The finding of the autopsy done on the body of Marlon Rodney, the ex-soldier who was shot at the junction of Durban Street and Mandela Avenue in Georgetown during a heated argument with two men, is that he died as a result of gunshot wounds.Rodney was shot at least four times on April 25, 2019 during a heated argument over money owed to one of his assailants. During the incident, 20-year-old Shaquille Dion of Durban Street, Georgetown, who was passing at the time, also sustained gunshot injury, but has since been discharged from the hospital.Guyana Times was told that the shooting occurred at about 09:30h, and stemmed from a disagreement Rodney had had with one of the gunmen. According to reports, Rodney and one of the men reportedly had had a heated argument over money owed to him by Rodney when the suspect left and returned with two others.Following another headed argument, the trio, who were reportedly brandishing guns, opened fire on Rodney. Following the shooting, the suspects escaped.An investigation has since been launched.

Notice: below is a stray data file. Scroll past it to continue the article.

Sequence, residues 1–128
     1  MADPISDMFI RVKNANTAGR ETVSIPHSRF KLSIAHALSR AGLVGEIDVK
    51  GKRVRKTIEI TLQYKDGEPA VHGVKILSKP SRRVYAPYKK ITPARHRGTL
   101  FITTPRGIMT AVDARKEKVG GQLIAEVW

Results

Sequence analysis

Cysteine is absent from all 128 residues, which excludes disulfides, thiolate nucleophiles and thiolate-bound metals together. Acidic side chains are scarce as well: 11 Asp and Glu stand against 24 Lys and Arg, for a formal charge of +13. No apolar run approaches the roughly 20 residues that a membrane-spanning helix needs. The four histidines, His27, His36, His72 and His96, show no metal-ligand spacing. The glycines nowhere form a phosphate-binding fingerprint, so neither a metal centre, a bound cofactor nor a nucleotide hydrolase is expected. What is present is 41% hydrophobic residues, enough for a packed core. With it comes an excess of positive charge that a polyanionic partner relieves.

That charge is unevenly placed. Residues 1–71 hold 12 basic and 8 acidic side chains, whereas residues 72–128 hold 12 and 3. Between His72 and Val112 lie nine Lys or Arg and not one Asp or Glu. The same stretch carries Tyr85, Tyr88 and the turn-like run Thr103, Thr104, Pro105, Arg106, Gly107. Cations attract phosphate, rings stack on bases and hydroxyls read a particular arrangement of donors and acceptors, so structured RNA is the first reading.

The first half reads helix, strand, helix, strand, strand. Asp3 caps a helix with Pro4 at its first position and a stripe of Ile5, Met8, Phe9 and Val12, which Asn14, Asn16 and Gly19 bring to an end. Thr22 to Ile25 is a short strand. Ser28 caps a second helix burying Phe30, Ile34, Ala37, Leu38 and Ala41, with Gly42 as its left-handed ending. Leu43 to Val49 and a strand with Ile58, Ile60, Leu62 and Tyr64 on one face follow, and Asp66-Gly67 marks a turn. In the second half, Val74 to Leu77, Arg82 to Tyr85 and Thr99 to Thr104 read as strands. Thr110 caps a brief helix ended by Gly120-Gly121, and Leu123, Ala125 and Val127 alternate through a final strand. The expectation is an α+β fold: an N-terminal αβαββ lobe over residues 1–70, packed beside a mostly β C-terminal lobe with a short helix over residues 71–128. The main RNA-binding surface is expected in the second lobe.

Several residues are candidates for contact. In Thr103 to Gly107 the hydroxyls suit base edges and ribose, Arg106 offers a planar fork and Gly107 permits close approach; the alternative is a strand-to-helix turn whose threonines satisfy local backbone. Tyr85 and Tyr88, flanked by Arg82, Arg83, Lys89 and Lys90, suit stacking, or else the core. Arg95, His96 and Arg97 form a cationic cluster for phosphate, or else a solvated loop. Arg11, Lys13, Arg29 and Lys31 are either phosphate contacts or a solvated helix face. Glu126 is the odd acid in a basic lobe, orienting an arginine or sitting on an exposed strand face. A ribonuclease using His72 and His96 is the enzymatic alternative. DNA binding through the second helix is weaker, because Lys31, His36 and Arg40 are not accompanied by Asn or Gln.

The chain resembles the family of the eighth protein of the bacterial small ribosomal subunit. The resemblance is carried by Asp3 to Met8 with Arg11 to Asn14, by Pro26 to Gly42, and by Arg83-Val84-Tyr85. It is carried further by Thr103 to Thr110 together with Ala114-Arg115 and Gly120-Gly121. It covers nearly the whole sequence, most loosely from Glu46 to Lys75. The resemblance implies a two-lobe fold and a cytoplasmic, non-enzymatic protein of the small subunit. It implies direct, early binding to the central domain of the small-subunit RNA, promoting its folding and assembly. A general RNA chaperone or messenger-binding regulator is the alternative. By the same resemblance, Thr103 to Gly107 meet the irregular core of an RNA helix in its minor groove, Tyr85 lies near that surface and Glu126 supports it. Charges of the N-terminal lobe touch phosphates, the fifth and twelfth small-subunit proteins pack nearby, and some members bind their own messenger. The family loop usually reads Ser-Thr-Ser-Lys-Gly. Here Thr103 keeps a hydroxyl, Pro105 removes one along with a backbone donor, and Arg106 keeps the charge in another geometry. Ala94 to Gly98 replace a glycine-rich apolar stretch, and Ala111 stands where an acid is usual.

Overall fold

WASHINGTON – White House visitor logs are public documents, a federal judge ruled Monday, rejecting a legal strategy that the Bush administration had hoped would get around public records laws and let them keep their guests a secret. The ruling is a blow to the Bush administration, which has fought the release of records showing visits by prominent religious conservatives. Visitor records are created by the Secret Service, which is subject to the Freedom of Information Act. But the Bush administration has ordered the data turned over to the White House, where they are treated as presidential records outside the scope of the public records law. In that second case involving White House visits by disgraced lobbyist Jack Abramoff, Lamberth said he did not have the authority to issue such a ruling. Because the logs were declared Secret Service records, however, they cannot be destroyed without approval from the National Archives. President Clinton’s political opponents made extensive use of 1990s Secret Service logs documenting White House visits by donors, money-raisers, pardon-seekers and former White House intern Monica Lewinsky. On Monday, Lamberth detailed the Secret Service’s acquiescence as the Bush administration took control of White House visitor records. The move took place amid the Abramoff scandal. In May 2006, Lamberth noted, the Secret Service transferred to the White House all records of visitors’ entries and exits during Bush’s presidency from Jan. 20, 2001, to April 30, 2006. The Bush administration had sought to have the case moved to another judge by consolidating it with a similar lawsuit before U.S. District Judge Rosemary Collyer, an appointee of President Bush. Lamberth, who served in the Justice Department before President Reagan put him on the federal bench, has roiled Democratic and Republican administrations alike with rulings rejecting government secrecy claims. On Monday, Collyer and Lamberth agreed to consolidate the two Abramoff-related cases before Lamberth, even though Collyer, in accordance with long-standing courthouse practice, would have dealt with both because the case she was hearing was the older of the two.160Want local news?Sign up for the Localist and stay informed Something went wrong. Please try again.subscribeCongratulations! You’re all set! AD Quality Auto 360p 720p 1080p Top articles1/5READ MOREWhicker: Clemson demonstrates that it’s tough to knock out the champBut U.S. District Judge Royce C. Lamberth ruled logs from the White House and Vice President Dick Cheney’s residence remain Secret Service documents and are subject to public records requests. In a lawsuit brought by Citizens for Responsibility and Ethics in Washington, a liberal watchdog group, Lamberth ordered the Secret Service to turn over visitor logs regarding nine conservative religious commentators, including James Dobson, Gary Bauer and Jerry Falwell. “I think it’s hugely significant,” said Anne L. Weismann, the watchdog group’s chief counsel. “The judge saw their arguments for what they were.” White House spokesman Tony Fratto and Justice Department spokesman Charles Miller said lawyers were reviewing the decision and they would have no immediate response. The Bush administration is expected to appeal the ruling. In a separate case, CREW had sought an order declaring illegal a Bush administration policy under which the Secret Service destroys its copies of the logs once they are turned over to the White House.